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Stackyard News Feb 08

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    Leatherjacket Population Crashes but Risk Remains

Leatherjacket population levels in Scotland have crashed this winter from the extremely high levels recorded over the past four years. According to the findings of the annual survey carried out by SAC, the average population density of 0.32 million grubs per hectare is the fourth lowest recorded since the survey started over 30 years ago.



The risk of leatherjacket damage to fields remaining as permanent grassland is very low this year across all of the areas surveyed in south-west and central Scotland. However, over one-fifth of the 221 fields’ sampled contained populations greater than 0.6 million grubs per ha. Hence, there still remains a risk of damage to any spring crops sown into grassland fields which are currently harbouring grubs.

The degree of risk to spring-sown crops after grass varies from area to area. The risk is particularly high in Argyll, Bute, Renfrew and Wigtownshire and also relatively high in Ayrshire, Lanarkshire and Stirling/Perth. Only in Dumfries/Kirkcudbright does the risk appear low. Surveyed grub population levels in Stirling/Perth can be taken as a good indication of likely grub levels in non-surveyed areas (such as north-east and south-east Scotland) where ley-grassland is also a more common feature of the farmed landscape. Hence it is likely that the risk of damage to spring-sown crops after grass is also relatively high in the north-east and south-east this year.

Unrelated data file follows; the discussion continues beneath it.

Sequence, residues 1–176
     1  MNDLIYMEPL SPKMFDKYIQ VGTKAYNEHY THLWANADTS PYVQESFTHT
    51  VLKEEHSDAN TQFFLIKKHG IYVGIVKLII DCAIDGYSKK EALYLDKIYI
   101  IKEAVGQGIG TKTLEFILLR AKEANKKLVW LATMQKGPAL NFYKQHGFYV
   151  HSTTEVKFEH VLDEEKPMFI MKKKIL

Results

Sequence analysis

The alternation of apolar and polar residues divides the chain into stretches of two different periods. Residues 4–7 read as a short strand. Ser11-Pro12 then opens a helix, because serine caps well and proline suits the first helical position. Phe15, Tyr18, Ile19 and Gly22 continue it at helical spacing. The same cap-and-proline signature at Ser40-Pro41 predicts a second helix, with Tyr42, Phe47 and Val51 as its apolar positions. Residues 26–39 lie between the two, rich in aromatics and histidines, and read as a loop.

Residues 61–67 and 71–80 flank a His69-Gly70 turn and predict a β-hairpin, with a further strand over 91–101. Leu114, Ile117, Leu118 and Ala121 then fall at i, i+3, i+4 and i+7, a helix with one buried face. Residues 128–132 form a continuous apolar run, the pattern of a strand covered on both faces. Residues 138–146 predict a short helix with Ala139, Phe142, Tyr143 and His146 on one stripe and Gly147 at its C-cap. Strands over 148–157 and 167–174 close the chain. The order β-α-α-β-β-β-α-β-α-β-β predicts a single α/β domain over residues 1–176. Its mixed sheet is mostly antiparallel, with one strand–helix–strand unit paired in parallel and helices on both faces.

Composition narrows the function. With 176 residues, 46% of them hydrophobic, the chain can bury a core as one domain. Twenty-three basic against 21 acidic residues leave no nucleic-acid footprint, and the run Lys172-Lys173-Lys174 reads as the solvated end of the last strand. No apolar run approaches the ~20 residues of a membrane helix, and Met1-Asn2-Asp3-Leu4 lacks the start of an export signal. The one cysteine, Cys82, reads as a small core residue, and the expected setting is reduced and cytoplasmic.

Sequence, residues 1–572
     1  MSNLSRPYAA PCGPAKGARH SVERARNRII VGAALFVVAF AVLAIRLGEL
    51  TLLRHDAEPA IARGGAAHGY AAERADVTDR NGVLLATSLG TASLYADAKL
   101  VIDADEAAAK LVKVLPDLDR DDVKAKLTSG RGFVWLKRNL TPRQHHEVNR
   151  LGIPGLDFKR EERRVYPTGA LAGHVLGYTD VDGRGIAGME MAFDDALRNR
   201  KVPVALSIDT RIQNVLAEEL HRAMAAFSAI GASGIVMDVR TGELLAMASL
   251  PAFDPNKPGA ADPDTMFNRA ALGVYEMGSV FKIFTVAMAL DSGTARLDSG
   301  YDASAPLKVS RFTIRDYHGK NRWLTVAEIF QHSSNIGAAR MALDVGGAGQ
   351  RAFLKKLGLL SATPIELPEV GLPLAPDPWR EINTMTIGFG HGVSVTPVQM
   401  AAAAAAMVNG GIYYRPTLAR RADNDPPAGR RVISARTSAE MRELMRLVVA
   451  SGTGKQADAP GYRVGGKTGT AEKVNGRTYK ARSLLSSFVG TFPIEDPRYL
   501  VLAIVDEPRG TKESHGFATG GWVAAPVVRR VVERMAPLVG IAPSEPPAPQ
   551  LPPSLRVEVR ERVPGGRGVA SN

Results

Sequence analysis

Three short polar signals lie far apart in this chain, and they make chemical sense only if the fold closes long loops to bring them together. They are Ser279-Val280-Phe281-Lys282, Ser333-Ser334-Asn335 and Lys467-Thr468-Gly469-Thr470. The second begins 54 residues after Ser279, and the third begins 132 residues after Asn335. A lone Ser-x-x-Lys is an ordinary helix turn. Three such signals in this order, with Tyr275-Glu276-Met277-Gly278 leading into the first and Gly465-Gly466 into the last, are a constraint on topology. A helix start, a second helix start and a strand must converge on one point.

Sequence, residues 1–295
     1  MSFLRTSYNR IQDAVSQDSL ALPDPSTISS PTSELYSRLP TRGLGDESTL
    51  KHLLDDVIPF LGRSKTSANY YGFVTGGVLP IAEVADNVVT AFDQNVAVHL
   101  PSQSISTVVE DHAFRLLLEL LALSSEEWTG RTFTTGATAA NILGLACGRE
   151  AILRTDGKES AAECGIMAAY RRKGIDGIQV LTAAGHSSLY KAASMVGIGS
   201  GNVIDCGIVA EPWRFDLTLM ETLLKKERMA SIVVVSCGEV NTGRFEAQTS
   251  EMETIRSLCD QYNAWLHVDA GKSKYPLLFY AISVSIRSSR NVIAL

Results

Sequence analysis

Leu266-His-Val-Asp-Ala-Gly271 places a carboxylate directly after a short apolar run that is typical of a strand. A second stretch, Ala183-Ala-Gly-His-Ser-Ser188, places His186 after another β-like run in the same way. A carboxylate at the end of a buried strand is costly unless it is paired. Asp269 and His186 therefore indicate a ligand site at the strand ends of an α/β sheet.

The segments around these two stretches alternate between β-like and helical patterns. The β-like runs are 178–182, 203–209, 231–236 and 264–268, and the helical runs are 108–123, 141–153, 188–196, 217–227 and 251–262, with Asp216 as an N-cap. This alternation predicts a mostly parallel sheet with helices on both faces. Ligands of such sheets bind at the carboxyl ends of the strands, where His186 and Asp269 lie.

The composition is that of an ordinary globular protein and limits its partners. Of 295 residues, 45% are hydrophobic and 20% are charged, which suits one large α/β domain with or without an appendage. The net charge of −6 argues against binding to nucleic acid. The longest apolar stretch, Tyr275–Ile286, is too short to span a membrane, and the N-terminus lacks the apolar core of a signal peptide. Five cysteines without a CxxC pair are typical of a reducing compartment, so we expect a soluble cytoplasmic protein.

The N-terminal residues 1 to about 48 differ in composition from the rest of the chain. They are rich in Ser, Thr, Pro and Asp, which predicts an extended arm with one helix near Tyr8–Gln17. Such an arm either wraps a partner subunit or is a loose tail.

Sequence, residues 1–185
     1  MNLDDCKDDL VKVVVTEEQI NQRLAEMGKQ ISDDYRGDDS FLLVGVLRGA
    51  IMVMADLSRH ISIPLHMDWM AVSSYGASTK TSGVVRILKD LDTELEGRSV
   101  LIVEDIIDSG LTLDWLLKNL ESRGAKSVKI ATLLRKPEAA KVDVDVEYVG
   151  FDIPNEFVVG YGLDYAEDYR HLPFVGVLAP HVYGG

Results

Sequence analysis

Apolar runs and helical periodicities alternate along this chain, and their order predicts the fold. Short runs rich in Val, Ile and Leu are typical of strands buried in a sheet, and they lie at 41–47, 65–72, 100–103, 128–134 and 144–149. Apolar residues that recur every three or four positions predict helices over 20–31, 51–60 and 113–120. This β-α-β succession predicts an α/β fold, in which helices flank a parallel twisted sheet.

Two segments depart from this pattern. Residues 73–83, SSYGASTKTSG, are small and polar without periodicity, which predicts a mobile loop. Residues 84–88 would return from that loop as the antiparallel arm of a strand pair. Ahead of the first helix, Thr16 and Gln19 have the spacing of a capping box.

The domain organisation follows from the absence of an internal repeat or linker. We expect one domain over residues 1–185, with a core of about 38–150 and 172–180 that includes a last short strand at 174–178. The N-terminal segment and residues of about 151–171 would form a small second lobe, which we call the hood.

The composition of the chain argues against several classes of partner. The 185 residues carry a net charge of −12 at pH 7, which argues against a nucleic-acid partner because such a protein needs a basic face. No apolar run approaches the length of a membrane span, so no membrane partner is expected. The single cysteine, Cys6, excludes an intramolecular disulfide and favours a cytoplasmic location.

The survey has been undertaken by SAC ecologist Dr Davy McCracken who advises farmers against insurance spraying:

“Despite this potential grub threat to spring crops out of grass, it is important that an assessment of leatherjacket infestation is conducted prior to the application of any insecticide treatment. Conducting such assessments now helps identify those fields at risk before any damage, and associated loss of productivity, has occurred. This allows any necessary control measures to be targeted cost-effectively.”

“It makes sense, for both economic and environmental reasons, that any insecticide application should be restricted to only those fields where the need has been demonstrated”.

SAC crop protection specialists advise that if leatherjacket infestations are found to be high, an insecticide should be applied as soon as ground conditions permit. When planning to sow spring crops after grass, insecticide treatment of the grass before ploughing will knock leatherjacket numbers back sufficiently to give the crop a good start. However, where grub densities prior to arable crops are marginal for treatment, current advice is not to take preventative action against the grub straight away but to wait and monitor the emerging crops and treat only if necessary.

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